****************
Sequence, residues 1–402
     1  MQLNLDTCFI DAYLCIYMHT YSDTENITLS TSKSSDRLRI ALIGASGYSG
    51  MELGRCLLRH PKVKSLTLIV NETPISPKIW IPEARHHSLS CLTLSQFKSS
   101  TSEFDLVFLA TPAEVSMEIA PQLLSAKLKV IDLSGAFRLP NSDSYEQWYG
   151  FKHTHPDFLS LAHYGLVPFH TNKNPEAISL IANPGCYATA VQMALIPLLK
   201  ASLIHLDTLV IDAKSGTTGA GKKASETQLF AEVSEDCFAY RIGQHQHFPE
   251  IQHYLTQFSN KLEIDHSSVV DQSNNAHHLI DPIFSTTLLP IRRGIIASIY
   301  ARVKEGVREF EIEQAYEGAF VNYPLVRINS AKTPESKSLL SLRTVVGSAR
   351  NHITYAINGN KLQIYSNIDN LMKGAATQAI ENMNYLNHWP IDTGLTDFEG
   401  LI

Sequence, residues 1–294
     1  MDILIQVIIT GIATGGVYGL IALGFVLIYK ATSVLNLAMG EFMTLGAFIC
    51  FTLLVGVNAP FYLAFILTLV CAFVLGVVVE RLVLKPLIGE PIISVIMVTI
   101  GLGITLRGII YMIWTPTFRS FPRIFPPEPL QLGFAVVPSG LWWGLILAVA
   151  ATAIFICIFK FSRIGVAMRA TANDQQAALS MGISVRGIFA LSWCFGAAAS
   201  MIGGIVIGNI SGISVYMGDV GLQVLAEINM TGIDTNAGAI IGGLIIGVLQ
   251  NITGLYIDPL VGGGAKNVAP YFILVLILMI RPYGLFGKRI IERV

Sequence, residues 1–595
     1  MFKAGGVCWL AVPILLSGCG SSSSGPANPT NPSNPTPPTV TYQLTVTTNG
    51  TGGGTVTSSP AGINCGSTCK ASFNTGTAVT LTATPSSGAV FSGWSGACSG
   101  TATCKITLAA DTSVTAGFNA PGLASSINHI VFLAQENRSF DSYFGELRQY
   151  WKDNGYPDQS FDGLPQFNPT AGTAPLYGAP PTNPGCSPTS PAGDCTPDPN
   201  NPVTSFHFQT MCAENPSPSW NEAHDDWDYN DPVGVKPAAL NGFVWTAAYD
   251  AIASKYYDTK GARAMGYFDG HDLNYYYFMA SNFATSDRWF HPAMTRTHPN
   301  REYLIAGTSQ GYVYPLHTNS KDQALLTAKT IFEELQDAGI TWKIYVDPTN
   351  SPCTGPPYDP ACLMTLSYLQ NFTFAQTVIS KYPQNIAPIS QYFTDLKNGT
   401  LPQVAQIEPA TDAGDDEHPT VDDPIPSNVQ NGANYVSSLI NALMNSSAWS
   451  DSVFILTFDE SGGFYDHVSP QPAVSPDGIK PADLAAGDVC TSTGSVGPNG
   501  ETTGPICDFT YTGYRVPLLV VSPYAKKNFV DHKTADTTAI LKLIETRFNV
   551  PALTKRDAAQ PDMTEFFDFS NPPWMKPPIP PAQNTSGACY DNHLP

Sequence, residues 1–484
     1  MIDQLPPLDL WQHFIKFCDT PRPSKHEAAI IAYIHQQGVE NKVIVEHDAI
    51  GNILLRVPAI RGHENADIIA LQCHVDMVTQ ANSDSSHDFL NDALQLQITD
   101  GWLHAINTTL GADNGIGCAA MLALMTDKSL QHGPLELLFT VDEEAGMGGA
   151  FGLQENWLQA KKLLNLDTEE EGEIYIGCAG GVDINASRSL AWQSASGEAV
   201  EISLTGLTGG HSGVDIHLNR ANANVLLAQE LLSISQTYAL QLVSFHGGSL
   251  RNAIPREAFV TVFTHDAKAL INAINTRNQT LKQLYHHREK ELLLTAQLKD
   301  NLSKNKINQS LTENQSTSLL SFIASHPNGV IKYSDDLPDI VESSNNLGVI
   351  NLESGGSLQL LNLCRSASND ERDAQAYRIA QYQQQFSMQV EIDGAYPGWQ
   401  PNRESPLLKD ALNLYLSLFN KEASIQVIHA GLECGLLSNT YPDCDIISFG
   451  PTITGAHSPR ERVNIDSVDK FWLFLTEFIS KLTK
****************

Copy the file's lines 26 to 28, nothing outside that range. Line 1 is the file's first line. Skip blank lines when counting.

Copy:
   351  SPCTGPPYDP ACLMTLSYLQ NFTFAQTVIS KYPQNIAPIS QYFTDLKNGT
   401  LPQVAQIEPA TDAGDDEHPT VDDPIPSNVQ NGANYVSSLI NALMNSSAWS
   451  DSVFILTFDE SGGFYDHVSP QPAVSPDGIK PADLAAGDVC TSTGSVGPNG